The Ender 3 V3 KE advertises a much higher maximum print speed than the Ender 3 V3 SE. The KE advertises a maximum print speed of 500 mm/s and a typical speed of 300 mm/s , while the SE advertises a maximum print speed of 250 mm/s and a typical speed of 180 mm/s. We never like to completely trust maximum print speeds, because that speed is often only achievable on certain 3D models or introduces more print defects. However, we find the typical print speed to be more reliable: we tested our SE at the "typical" print speed of 180mm/s and the resulting print maintained a high level of quality. So while you may not consistently print at 500mm/s with the KE, it's noticeably faster than the SE.

The KE is capable of achieving faster print speeds through a combination of firmware and hardware updates. First, as we described in the firmware section above, the Klipper-based firmware in the Ender 3 V3 KE is more sophisticated and includes features to reduce print defects when printing at high speeds. Additionally, the KE uses a linear guide for the X-axis, which reduces vibration and allows the carriage to move more smoothly along the axis at high speeds. The SE uses a standard rubber wheel system on the X-axis.

It's important to note that both the Ender 3 V3 KE and Ender 3 V3 SE are capable of printing much faster than older Creality machines like the original Ender 3 or CR-10. Most older 3D printers weren't capable of reliably printing above 60-70mm/s, and even the SE can print at about triple that speed. However, if you want the fastest possible printing, the KE will be the best choice.


The Ender 3 V3 SE's hotend is a newer variant of Creality's Sprite extruder and hotend system and is capable of heating up to 260°C. This makes the SE capable of printing all types of filaments standards, including PLA, ABS, PETG and TPU. However, it cannot print high-temperature materials, such as nylon.

The Ender 3 V3 KE uses an updated version of the Sprite hotend that is capable of heating to a higher temperature of 300°C. It has a more powerful 60W heater (compared to the SE's 40W) and uses a "Volcano" style design with a larger heat zone than a normal hotend. This means that the hotend can heat the filament faster, which is important for high-speed printing.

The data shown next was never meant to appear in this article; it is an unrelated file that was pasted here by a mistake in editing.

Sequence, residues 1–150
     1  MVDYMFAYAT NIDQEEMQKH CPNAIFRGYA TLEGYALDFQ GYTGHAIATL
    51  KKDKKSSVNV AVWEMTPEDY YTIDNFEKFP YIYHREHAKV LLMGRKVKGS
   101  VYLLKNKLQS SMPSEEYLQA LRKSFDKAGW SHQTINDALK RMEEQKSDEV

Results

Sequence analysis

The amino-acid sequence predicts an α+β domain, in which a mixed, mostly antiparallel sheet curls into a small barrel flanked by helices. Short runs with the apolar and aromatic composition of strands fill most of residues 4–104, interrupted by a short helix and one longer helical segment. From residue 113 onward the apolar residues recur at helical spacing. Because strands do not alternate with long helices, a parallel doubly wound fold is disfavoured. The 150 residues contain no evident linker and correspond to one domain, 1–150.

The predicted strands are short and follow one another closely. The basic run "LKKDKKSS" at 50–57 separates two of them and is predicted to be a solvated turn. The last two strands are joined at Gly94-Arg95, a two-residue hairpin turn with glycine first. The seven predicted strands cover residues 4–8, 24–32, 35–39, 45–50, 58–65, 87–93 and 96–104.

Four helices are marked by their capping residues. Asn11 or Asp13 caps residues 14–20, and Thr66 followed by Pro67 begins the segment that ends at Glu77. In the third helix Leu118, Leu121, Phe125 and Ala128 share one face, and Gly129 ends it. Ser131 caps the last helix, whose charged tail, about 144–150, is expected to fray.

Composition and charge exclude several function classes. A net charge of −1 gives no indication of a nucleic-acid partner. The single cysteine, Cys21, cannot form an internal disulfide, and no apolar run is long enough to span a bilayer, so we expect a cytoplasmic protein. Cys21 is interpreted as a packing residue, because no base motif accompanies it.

The KE's hotend also includes a bimetallic heatbreak, which is a technology we've previously tested on older Creality machines and found to reduce the chance of hotend jams. We don't think hotend jams are a big issue for any of these printers since they use the Sprite direct-drive extruder, but the bimetal thermal cut should still improve hotend performance with high-temperature filament.

For many users, this won't be a significant difference: the standard filament types all work well on both machines, and we find that we mostly use standard filament types, like PLA. However, the Ender 3 V3 KE gives you the ability to print high-temperature filaments, such as nylon.

Cooling of parts

Like almost all modern 3D printers, the Ender 3 V3 KE and SE both include a part cooling fan, which blows cool air onto the filament as it's extruded, improving overhang performance and generally producing cleaner prints. We've found that the placement of the parts' cooling fans and the geometry of the cooling ducts can play an important role in the effectiveness of this feature, and the two printers definitely implement it differently. Illustration of SE model parts cooling inconsistencies. The only difference in these prints is the orientation on the print bed. The KE model appears to have more complete part cooling and should provide consistent results regardless of how the part is oriented.

The KE uses a dual-part cooling fan design that is more effective than the SE's single fan.

The SE includes a one-piece cooling fan that blows towards the nozzle from the front. We noted in our review of the Ender 3 V3 SE that the part's cooling performance differs depending on how you orient the part on the print bed, likely because the cooling fan only blows from one side of the print. Overall, we find the SE's partial cooling to be effective, but not great.

With the Ender 3 V3 KE, Creality seems to have attempted to solve this problem by adding a second cooling fan. The two cooling fans are located on both sides of the hotend and blow towards each other, which should cause the part to be cooled more evenly. We haven't had the opportunity to test it out ourselves, so we can't say for sure that it fixes the inconsistencies we found with the cooling portion on the SE. However, the KE appears to have a better design that should cool the part more effectively.